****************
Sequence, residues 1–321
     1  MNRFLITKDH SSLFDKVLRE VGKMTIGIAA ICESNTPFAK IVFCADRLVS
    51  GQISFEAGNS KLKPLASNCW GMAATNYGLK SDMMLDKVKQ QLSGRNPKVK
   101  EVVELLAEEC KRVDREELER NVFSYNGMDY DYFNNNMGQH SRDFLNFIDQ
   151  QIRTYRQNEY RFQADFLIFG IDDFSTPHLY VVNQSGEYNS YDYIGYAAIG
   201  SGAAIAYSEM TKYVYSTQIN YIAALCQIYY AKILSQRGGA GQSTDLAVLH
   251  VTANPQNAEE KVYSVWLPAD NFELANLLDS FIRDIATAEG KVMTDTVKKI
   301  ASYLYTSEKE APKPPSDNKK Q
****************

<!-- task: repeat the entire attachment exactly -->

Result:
Sequence, residues 1–321
     1  MNRFLITKDH SSLFDKVLRE VGKMTIGIAA ICESNTPFAK IVFCADRLVS
    51  GQISFEAGNS KLKPLASNCW GMAATNYGLK SDMMLDKVKQ QLSGRNPKVK
   101  EVVELLAEEC KRVDREELER NVFSYNGMDY DYFNNNMGQH SRDFLNFIDQ
   151  QIRTYRQNEY RFQADFLIFG IDDFSTPHLY VVNQSGEYNS YDYIGYAAIG
   201  SGAAIAYSEM TKYVYSTQIN YIAALCQIYY AKILSQRGGA GQSTDLAVLH
   251  VTANPQNAEE KVYSVWLPAD NFELANLLDS FIRDIATAEG KVMTDTVKKI
   301  ASYLYTSEKE APKPPSDNKK Q